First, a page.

[Did you know?]

Glasgow Prestwick Airport is considered to be the only place in the United Kingdom where Elvis Presley ever set foot, when the United States Army transport plane carrying him home stopped to refuel in 1960, en route from Germany. A lounge bearing his name and a marker reflecting this event were inaugurated in 2006.

100 Years of Commercial Aviation


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Transporting a symbolic flame on-board

Extract from the 54th edition of Dangerous Goods Regulations, 2013:

5.0.1.10 Carriage of Flames

With the approval of the appropriate authority of the State of Origin, or transit (where applicable), of Destination and of the Operator, lamps fuelled by UN 1223--Kerosene or UN 3295-- Hydrocarbons, liquid, n.o.s., carried by a passenger to transport a symbolic flame (e.g. Olympic flame, Peace flame) may be carried in accordance with the provisions of Special Provision A224.

A224
For the purpose of transporting a symbolic flame, the appropriate authority of the States of origin, of destination and of the operator may appropve the carriage of lamps fuelled by UN 1223--Kerosene, or UN 3295--Hydrocarbons, liquid n.o.s., carried by a passenger as carry on baggage only.

Lamps must be of a "Davy" type or similar apparatus. In addition, the following conditions apply as a minimum:

a) no more than four lamps may be carried on board the aircraft;

b) lamps may contain no more fuel than the quantity adequate for the duration of the flight and the fuel must be contained in a leakproof reservoir;

c) lamps must be adequately secured;

d) whilst on board the aircraft, the lamps must be under the constant supervision of an accompanying person, who must not be a member of the operating crew;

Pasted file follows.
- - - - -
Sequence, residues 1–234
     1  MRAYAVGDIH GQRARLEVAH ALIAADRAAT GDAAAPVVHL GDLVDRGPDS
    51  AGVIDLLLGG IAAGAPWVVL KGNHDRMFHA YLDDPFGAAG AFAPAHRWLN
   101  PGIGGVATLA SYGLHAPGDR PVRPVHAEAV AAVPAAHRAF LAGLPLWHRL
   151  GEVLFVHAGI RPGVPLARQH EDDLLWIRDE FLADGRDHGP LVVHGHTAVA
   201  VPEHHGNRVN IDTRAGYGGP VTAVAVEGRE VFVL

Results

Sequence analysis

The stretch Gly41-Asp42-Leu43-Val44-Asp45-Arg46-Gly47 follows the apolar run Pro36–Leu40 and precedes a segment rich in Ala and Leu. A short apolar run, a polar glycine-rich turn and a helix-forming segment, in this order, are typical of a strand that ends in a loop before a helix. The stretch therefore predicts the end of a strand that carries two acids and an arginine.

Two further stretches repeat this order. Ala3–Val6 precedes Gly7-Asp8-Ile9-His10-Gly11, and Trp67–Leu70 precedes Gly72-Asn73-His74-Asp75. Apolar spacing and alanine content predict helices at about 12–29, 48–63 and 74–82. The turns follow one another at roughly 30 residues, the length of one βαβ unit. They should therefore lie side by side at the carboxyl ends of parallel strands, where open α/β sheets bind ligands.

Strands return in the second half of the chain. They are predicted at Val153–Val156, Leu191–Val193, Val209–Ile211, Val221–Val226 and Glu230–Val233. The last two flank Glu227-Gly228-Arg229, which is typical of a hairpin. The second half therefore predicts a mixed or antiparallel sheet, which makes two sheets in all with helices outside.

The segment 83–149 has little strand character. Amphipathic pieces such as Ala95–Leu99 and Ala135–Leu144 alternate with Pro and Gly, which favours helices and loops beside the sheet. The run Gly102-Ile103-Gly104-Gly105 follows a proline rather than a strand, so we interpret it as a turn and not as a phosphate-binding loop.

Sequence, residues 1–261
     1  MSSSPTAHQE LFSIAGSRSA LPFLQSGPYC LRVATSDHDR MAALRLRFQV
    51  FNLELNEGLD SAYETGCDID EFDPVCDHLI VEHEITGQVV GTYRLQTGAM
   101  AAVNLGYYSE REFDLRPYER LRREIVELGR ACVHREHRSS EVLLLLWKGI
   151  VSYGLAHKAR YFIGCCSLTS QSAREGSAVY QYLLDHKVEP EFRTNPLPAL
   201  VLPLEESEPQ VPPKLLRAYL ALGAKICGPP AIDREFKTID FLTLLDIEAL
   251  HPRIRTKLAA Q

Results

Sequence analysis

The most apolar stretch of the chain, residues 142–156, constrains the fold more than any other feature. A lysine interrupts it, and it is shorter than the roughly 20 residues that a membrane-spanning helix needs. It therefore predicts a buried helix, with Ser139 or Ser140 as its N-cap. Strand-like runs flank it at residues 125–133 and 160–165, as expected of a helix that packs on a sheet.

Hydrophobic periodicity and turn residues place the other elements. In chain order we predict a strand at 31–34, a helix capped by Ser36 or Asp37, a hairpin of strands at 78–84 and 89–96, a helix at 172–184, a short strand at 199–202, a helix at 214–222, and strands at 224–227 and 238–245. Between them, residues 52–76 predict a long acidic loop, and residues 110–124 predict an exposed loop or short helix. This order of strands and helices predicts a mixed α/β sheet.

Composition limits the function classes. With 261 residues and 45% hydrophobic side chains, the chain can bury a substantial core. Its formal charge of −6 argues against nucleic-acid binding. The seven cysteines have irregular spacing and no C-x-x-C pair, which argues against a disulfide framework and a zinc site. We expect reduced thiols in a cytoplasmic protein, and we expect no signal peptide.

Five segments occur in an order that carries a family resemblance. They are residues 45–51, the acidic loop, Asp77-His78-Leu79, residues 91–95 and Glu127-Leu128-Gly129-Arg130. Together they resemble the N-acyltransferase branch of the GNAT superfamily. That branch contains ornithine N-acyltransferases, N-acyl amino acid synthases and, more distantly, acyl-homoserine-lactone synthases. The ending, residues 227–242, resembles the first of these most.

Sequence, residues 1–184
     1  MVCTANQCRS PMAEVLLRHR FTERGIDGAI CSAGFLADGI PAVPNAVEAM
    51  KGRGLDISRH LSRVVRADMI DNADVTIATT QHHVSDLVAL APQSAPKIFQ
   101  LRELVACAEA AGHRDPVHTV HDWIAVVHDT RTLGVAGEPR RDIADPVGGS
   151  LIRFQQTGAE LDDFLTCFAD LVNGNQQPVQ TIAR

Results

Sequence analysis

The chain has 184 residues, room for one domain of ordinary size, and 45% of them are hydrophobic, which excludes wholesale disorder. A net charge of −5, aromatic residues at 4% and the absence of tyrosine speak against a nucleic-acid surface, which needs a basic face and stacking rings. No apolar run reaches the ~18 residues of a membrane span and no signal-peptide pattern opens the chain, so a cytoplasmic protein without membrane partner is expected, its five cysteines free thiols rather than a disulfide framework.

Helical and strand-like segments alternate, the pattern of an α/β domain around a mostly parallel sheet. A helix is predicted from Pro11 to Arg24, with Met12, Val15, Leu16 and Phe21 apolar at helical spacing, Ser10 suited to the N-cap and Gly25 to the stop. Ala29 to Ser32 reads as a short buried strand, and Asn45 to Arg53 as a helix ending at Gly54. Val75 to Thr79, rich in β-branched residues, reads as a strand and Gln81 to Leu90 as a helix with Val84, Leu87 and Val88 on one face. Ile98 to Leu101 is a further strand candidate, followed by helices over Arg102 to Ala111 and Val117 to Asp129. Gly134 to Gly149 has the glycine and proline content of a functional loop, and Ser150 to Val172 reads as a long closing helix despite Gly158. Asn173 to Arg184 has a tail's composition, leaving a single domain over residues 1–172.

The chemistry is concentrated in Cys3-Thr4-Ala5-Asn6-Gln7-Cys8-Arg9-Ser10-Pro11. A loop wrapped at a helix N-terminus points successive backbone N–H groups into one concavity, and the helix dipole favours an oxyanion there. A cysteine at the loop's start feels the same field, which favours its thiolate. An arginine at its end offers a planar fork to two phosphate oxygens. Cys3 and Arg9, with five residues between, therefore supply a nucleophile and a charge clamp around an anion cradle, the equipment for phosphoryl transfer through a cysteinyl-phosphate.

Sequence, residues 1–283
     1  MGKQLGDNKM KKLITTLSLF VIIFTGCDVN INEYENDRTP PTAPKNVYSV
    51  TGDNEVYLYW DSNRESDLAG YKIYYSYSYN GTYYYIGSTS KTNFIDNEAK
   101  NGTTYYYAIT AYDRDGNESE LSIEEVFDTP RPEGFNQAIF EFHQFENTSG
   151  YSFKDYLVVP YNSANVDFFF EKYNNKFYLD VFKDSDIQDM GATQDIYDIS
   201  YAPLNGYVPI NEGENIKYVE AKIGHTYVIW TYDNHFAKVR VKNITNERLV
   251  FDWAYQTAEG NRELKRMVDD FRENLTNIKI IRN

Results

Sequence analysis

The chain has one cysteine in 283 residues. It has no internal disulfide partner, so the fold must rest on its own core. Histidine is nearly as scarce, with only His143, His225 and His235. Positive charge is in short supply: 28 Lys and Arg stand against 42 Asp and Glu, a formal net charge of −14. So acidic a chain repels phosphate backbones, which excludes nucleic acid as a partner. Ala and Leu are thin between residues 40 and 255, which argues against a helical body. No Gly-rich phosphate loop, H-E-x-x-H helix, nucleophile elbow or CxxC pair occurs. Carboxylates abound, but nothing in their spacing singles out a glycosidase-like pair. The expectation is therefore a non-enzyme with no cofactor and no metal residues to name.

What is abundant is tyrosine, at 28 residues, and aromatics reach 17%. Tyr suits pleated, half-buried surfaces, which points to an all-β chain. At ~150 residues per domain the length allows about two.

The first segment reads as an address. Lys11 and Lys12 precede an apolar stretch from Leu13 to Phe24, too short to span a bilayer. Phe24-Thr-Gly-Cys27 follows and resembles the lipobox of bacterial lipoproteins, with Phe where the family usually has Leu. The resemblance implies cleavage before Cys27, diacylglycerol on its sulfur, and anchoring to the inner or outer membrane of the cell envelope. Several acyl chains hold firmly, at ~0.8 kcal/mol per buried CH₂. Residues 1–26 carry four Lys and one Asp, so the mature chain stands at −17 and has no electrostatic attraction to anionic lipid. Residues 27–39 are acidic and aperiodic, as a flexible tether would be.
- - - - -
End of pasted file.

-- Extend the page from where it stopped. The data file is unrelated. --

e) lamps may be lit by the accompanying person, but must not be refilled on board the aircraft;

f) at least one fire extinguisher must be kept within reach of the accompanying person at all times. The accompanying person must be trained in the use of the extinguisher.;

g) the crew members of the aircraft must be given a verbal briefing about the carriage of the lamps and the pilot-in-command must be provided with a copy of the approval; and

h) 9.5.1.1.1b), c), e), 9.5.1.2, 9.5.1.3 and 9.6.1 of these Regulations must apply.

[Did you know?]

  • The Olympic flame went airborne for the first time on the Helsinki 1952 Summer Olympics, flying to the Danish city of Aalborg following an initial journey between Olympia and Athens. After making its way across Denmark and into Sweden, it passed through Gothenburg and Stockholm and then crossed the Finnish border at Tornio. From there it was borne to Tampere and on to Helsinki, the final destination of a 7,492 km journey.
  •  For the 1992 Winter Olympics in Albertville, France, the torch flew from Athens to Paris on board of a Concorde.

Source:
https://www.olympic.org/news/the-amazing-story-of-the-olympic-flame

Dangerous Goods Regulations

54th Edition, effective only till 31 Dec 2013
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An Analysis of McDonnell Douglas’s Ethical Responsibility in the Crash of Turkish Airlines Flight 981


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[Final report] TK 981


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TK 981

Complete destruction in the Ermenonville forest
Turkish Airlines Flight 981 was a regularly scheduled flight from Istanbul Yesilköy Airport to London Heathrow Airport with an intermediate stop in Paris at Orly Airport. On 3 March 1974 the McDonnell Douglas DC-10 operating the flight crashed into the Ermenonville forest outside Paris, killing all 346 people on board. At the time, it was the deadliest plane crash ever. It still remains the fourth-deadliest plane crash in aviation history, is the deadliest involving a DC-10, the second deadliest with no survivors, and the deadliest to have occurred on French soil. The crash was also known as the Ermenonville air disaster, from the forest where the aircraft crashed.